East of Santo Domingo

The eastern end of the island is generally flatter and drier than the rest, although the hills of the Cordillera Oriental are attractive and provide some great views. Cattle and sugar cane are the predominant agricultural products and this is definitely cowboy country. However, much of the sugar land has been turned over to more prosperous activities such as tourism, the Casa de Campo development being a prime example. The main beach resorts are Boca Chica, Juan Dolio, Casa de Campo, Punta Cana and Bávaro, but there are several other smaller and more intimate places to stay.

Boca Chica

About 25 km east of Santo Domingo is the beach town of Boca Chica, the principal resort for the capital. Its days of being a quiet fishing village are long gone. It is set on a reef-protected shallow lagoon, with a wide sweep of white sand and the water is perfect for families. Tourist development has been intensive and there are many hotels, aparthotels and restaurants of different standards with lots of bars and nightlife. All-inclusive resorts, of which there are several, are best booked as a package if you want a good deal. Vendors line the main road, selling mostly Haitian paintings of poor quality but they are colourful. The main street is closed to traffic at night and the restaurants move their tables on to the road.

Juan Dolio

Guayacanes, Embassy and Juan Dolio beaches, east of Boca Chica, are also popular, especially at weekends when they can be littered and plagued with hawkers (much cleaner and very quiet out of season). The whole area is being developed in a long ribbon of holiday homes, hotels and resorts, and the new highway has improved access.

Reserva Antropológica de las Cuevas de las Maravillas
, www.cuevadelasmaravillas.com, is an excellent new development and well worth a detour off the main road when heading east. The huge caves are now managed by the Ministry of the Environment and access is regulated. There are walkways, steps and ramps through the caves and a discreet lighting system works on sensors. The elevator sometimes breaks down, but other than that the attraction works well and is clean and tidy with pleasant gardens planted outside. Inside the caves there are stalactites, stalagmites and Taíno cave drawings. A knowledgeable guide will accompany you on your one-hour tour and answer questions. There's a museum, shop, cafeteria, toilets and facilities for wheelchair users. Photography only by prior arrangement.

La Romana

East of San Pedro de Macorís is La Romana. The town is dominated by its sugar factory, which can be seen all along the coast. There are still railways here which carry sugar to the Central La Romana and the trains' horns can be heard through the night. The town is very spread out, mostly on the west bank of the Río Dulce, which reaches the sea here. The Río Chavón area east of La Romana and Casa de Campo is a protected zone to safeguard a large area of red and black mangroves.

Isla Catalina

Off La Romana is Monumento Natural Isla Catalina (also called Serena Cay). Although inland the southeast part of the island is dry, flat and monotonous, the beaches have fine white sand. The reef provides protected bathing and excellent diving. Cruise ships also call, disgorging some 100,000 passengers in a winter season. The island is under the permanent supervision of the Dominican Navy and the Ministry of Tourism. All works that may affect the vegetation have been prohibited.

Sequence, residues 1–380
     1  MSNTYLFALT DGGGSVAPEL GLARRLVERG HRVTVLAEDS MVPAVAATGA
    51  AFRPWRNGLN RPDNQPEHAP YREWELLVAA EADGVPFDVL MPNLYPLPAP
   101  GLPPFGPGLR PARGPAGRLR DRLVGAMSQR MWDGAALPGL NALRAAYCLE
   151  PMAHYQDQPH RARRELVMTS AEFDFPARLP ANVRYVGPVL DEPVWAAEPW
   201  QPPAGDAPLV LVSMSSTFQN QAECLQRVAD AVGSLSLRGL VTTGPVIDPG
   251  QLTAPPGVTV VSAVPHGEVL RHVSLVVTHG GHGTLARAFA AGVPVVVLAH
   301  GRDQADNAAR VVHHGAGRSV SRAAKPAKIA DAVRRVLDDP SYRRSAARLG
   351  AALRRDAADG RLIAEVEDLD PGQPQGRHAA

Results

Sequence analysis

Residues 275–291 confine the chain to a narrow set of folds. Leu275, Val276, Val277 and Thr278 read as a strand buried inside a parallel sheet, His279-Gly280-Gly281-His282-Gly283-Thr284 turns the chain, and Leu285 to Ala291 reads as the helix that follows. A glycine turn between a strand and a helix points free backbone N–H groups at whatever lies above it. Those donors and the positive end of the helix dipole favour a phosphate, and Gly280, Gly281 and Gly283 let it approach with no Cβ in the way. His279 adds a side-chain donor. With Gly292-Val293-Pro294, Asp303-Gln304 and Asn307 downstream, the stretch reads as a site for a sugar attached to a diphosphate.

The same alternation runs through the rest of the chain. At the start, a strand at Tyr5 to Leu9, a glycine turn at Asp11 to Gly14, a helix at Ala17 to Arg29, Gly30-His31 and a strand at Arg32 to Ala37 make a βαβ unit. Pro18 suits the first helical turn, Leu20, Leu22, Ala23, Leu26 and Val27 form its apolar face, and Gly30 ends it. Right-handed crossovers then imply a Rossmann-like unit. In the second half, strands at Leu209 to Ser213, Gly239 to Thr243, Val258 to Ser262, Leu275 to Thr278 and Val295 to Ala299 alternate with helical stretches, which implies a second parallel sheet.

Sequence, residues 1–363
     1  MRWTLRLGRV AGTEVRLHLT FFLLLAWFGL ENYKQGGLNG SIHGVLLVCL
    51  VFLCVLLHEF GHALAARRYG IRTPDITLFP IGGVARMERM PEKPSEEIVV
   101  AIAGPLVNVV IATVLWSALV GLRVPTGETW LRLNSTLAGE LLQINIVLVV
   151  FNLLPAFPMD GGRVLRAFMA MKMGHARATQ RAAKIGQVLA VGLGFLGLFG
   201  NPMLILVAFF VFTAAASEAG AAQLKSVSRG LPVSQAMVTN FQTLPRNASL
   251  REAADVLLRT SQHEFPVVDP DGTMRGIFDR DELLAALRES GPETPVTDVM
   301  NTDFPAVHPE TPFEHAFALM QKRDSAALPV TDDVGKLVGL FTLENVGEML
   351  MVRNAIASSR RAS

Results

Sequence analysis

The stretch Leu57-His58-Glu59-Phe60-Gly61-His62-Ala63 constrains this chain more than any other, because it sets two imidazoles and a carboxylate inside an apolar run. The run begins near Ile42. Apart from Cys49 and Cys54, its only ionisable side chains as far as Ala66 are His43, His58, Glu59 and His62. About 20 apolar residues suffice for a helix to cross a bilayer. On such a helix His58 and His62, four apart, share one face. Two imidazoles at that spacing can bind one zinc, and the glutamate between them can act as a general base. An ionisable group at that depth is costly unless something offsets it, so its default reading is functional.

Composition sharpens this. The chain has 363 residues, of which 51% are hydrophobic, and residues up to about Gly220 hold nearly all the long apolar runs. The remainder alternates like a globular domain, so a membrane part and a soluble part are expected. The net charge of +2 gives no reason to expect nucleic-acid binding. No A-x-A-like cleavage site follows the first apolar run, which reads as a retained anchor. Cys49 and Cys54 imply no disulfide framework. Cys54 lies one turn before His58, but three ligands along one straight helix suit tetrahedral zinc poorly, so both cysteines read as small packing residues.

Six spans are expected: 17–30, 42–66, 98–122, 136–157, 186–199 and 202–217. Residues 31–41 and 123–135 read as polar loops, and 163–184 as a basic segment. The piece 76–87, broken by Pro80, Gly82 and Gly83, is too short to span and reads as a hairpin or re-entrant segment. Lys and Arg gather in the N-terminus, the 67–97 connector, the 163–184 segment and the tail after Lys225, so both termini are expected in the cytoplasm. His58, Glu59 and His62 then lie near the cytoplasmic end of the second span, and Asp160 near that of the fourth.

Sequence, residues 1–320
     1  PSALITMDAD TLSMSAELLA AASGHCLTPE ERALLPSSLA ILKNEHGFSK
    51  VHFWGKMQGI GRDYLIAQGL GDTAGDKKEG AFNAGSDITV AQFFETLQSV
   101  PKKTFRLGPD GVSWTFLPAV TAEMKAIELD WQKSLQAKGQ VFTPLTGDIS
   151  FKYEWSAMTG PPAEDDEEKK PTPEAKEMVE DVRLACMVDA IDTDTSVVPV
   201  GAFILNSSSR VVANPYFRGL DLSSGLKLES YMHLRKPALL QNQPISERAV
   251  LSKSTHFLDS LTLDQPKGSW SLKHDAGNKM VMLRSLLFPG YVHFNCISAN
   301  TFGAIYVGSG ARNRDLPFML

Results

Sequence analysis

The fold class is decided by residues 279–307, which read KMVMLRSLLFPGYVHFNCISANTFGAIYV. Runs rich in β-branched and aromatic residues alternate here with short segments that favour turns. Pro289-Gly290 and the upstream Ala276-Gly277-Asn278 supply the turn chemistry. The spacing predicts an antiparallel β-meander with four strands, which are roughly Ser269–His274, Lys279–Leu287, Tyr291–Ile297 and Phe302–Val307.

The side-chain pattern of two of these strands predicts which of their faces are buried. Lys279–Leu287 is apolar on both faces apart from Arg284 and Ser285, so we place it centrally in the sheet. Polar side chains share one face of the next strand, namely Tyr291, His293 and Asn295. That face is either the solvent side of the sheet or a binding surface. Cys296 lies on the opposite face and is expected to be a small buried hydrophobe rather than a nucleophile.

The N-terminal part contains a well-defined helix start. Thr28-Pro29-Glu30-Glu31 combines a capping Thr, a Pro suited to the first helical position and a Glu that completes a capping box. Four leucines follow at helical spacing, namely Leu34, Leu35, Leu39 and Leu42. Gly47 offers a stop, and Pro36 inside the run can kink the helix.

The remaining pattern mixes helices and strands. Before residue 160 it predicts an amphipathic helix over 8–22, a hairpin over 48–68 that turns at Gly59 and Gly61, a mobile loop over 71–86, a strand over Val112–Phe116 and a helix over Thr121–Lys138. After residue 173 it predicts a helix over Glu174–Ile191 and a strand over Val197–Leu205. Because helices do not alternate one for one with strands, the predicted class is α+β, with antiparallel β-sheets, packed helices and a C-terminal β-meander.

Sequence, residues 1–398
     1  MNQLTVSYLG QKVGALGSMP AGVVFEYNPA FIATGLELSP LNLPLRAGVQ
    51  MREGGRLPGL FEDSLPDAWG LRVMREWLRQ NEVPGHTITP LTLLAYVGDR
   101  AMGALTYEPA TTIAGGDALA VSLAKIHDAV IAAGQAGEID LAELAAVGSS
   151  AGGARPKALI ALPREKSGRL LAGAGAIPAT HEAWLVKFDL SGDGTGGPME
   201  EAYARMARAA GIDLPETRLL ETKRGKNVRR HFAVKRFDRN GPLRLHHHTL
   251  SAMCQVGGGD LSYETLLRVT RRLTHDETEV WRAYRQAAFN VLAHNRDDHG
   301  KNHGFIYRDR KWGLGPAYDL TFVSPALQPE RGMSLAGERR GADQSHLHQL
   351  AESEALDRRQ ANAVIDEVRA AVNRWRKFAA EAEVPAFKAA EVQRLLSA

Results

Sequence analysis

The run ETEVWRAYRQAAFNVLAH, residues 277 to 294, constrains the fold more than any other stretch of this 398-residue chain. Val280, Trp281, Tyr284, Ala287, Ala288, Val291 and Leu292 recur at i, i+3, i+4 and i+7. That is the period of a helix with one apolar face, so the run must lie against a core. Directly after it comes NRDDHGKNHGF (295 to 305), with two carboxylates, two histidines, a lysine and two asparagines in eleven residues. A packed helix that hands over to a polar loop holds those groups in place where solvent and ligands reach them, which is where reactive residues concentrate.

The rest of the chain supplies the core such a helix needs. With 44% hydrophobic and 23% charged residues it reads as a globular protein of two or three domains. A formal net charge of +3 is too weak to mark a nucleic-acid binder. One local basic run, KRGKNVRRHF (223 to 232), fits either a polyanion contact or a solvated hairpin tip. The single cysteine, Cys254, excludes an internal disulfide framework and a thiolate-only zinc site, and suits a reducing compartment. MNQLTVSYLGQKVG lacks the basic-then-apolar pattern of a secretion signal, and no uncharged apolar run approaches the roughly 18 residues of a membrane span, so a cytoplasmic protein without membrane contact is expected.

Casa de Campo

Just east of La Romana on the road to Higüey you pass the entrance to Casa de Campo. This is the premier tourist centre in the Republic. The resort was built in 1974 by Charles Bluhdorn, the founder of Gulf & Western, which originally grew sugar cane on the land. After he died the Cuban-American family Fanjul bought it and opened it to paying guests in the 1980s. It is kept isolated from the rest of the country behind strict security. Covering 7000 acres, it is vast, exclusive, with miles of luxury villas surrounded by beautifully tended gardens full of bougainvillea and coleus of all colours. It has won numerous awards and accolades from travel and specialist sporting magazines. A Marina and Yacht Club with Customs on site is at the mouth of the Río Chavón, from where you can take boat trips up the river.

Sport is the key to the resort's success. There are lots of activities on offer and they are all done professionally and with no expense spared. The tennis club has 13 courts where you can have lessons with a pro or knock up with a ballboy; the club is busy from early in the morning to late at night. The riding school has some 150 horses for polo, showjumping, trail riding, or whatever you want to do. The polo is of a particularly high standard and international matches are held here. For those with a keen eye, there is a world-class Sporting Clays facility developed by the British marksman, Michael Rose, with trap, skeet and sporting clays. Above all, however, guests come here for the golf. There are two world-class 18-hole courses designed by Pete Dye: '
The Links
' and '
Teeth of the Dog
'. The latter, ranked number one in the Caribbean, has seven water holes which challenge even the greatest players.

Altos de Chavón

Altos de Chavón is an international artists' village in mock-Italian style built by an Italian cinematographer, in a spectacular hilltop setting above the gorge through which flows the Río Chavón. Students from all over the world come to the art school, but the village is now a major tourist attraction and is linked to Casa de Campo. There are several restaurants of a variety of nationalities, expensive shops and a disco. The Church of St Stanislaus, finished in 1979 and consecrated by Pope John Paul II, contains the ashes of Poland's patron saint and statue from Krakow. An amphitheatre for open-air concerts seating 5500 was inaugurated with a show by Frank Sinatra (many international stars have performed there, from Julio Iglesias to Gloria Estefan and the best Dominican performers). There is also an excellent little Museo Arqueológico Regional, with explanations in Spanish and English and lots of information about the Taínos.